Ties that Bind

With its small cast, minimal technical requirements, and heart-stopping storyline, Up, Down, Strange, Charmed, Beauty, and Truth makes a great Fringe show. In this fast-paced, 45-minute one act, a pair of teenage sisters struggles to escape their drug-addled mother with help from a favorite uncle. Through a series of wholly organic yet startlingly unexpected plot twists, by the end of the play nothing – not the characters, not their situations – is how it seemed when the play began. Up, Down…, written by veteran off-Broadway playwright Edward Allen Baker, is receiving a well-deserved reprisal by casa 204 productions after premiering at the Ensemble Studio Theatre’s annual one-act marathon eight years ago.

After short-work festivals, stellar new plays like Up, Down… can have a difficult time finding appropriate venues for subsequent productions outside of acting classes, where the scripts live on as teaching tools. So it’s good to see it find a home at the Fringe Festival alongside premiers and work in early stages of development.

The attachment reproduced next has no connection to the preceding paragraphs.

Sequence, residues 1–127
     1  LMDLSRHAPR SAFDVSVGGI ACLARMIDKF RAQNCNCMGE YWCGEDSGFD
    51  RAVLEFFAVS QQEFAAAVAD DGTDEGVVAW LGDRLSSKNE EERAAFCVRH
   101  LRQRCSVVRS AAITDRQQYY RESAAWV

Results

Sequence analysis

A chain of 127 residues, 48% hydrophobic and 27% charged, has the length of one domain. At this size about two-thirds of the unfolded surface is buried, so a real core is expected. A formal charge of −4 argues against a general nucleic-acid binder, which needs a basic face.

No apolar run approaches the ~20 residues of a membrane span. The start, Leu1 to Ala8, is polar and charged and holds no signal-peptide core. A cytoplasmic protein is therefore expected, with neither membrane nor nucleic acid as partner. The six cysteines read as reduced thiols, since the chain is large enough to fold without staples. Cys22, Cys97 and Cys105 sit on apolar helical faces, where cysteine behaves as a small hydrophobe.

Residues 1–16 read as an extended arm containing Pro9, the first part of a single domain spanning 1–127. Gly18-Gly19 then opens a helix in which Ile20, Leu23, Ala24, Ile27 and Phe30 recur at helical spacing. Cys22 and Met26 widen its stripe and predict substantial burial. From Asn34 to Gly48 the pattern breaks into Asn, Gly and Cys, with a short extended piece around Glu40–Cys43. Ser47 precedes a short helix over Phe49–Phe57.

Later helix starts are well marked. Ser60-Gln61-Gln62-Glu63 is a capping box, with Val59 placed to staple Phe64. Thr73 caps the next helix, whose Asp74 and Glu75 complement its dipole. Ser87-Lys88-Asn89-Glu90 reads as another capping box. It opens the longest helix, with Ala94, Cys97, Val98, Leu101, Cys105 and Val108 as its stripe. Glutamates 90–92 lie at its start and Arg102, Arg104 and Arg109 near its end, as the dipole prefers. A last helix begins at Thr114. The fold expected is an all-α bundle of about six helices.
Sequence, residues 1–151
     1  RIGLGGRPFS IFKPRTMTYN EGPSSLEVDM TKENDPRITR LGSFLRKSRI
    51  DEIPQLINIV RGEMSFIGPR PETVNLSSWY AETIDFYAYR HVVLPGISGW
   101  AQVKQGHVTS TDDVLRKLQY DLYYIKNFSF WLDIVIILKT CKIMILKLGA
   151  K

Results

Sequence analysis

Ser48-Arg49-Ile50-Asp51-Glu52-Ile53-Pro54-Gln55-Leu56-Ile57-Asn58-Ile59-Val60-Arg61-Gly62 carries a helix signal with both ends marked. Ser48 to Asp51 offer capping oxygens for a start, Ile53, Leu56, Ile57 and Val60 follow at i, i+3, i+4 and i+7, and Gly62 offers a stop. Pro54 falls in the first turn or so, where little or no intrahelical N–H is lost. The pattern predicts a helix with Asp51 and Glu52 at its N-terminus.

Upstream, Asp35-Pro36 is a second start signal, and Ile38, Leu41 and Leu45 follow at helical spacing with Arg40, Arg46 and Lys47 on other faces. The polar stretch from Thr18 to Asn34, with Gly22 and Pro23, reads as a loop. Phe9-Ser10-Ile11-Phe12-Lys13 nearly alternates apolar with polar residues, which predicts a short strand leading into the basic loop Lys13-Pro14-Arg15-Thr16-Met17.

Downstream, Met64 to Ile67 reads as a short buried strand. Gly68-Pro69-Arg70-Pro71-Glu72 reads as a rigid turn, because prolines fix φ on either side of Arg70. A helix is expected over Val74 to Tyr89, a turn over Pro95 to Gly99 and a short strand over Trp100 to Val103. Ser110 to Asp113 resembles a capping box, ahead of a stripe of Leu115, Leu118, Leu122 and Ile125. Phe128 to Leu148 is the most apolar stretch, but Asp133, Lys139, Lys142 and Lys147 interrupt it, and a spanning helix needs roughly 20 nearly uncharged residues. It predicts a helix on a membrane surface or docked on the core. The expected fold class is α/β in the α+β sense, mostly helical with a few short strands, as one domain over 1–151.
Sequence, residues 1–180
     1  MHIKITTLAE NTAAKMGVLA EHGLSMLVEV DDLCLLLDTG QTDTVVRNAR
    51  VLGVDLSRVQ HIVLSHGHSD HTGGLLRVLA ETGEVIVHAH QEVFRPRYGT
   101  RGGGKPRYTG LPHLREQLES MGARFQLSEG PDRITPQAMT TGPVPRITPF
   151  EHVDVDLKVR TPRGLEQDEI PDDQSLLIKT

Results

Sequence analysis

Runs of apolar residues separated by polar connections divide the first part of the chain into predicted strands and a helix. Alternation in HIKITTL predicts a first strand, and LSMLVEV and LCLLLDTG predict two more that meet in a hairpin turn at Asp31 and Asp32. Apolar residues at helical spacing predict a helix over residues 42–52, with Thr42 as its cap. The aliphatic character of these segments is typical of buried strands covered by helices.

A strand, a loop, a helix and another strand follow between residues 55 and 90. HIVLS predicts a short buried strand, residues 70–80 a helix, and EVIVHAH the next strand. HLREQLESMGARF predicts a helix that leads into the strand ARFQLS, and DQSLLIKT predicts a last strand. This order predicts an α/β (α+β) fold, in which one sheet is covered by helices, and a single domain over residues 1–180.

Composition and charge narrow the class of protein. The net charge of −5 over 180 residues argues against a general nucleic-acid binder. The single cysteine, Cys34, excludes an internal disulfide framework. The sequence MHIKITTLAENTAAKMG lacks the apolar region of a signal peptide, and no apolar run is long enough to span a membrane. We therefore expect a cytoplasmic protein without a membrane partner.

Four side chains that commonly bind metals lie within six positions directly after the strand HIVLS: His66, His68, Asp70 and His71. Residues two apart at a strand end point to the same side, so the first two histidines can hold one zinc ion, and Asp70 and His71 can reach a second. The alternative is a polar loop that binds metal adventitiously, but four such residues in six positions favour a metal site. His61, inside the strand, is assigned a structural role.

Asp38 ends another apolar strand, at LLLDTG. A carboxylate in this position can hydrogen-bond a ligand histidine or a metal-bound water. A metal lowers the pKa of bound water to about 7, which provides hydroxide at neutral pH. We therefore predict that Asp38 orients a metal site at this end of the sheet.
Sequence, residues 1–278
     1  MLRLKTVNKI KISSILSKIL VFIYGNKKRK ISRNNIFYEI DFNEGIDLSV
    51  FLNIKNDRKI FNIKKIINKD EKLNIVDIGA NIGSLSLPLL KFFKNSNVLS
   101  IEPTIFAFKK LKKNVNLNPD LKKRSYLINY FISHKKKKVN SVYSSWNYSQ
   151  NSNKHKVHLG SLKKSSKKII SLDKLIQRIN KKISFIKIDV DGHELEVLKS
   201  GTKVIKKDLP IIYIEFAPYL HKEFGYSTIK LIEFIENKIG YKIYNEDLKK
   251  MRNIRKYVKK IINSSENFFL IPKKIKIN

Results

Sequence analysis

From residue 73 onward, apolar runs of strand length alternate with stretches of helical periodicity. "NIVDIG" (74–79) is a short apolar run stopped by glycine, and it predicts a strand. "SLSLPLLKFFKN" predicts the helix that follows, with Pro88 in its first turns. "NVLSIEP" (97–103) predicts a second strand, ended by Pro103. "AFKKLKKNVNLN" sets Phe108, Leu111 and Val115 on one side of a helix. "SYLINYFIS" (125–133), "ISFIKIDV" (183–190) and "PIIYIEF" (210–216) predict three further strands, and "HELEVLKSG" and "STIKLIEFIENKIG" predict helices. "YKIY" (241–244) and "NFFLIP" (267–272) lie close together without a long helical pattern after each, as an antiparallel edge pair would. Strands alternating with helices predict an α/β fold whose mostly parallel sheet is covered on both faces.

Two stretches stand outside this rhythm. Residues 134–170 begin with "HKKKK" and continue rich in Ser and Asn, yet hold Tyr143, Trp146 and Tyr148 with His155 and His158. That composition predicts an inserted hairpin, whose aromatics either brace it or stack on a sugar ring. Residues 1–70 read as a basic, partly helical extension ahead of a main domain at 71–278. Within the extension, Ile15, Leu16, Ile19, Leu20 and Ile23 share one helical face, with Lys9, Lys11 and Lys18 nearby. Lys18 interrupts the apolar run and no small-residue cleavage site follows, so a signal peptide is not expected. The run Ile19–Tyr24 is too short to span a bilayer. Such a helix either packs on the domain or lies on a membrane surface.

Director Diana Basmajian ably sustains the play's brisk pace and the three-member cast brings nice energy, if inconsistent working-class East Providence accents, to their portrayal of the characters. Linnea Wilson and Megan Hart maintain a believable sisterly rapport, while Greg Drozdek nails complicated Uncle Danny’s self-perception as a down-on-his-luck funny man.

Costume designer Lynn Wheeler provides instant insight into Uncle Danny as a working-class man living alone and into little sister Marley as an honor student from the wrong side of the tracks. Wheeler has less success with Steph, whose white tanktop and neat ponytail don’t convey what should be a disheveled appearance.

According to its press release, casa 204 productions aims to produce work featuring “characters and narratives that are not commonly seen on stage in order to bring a broader and deeper definition of humanity to contemporary American stage.” Given that mission, Up, Down… is a curious choice; there is no dearth of American drama about scrappy, blue-collar families desperate to improve their lot. As a quintessential example of that genre, however, Up, Down… is an arresting production.

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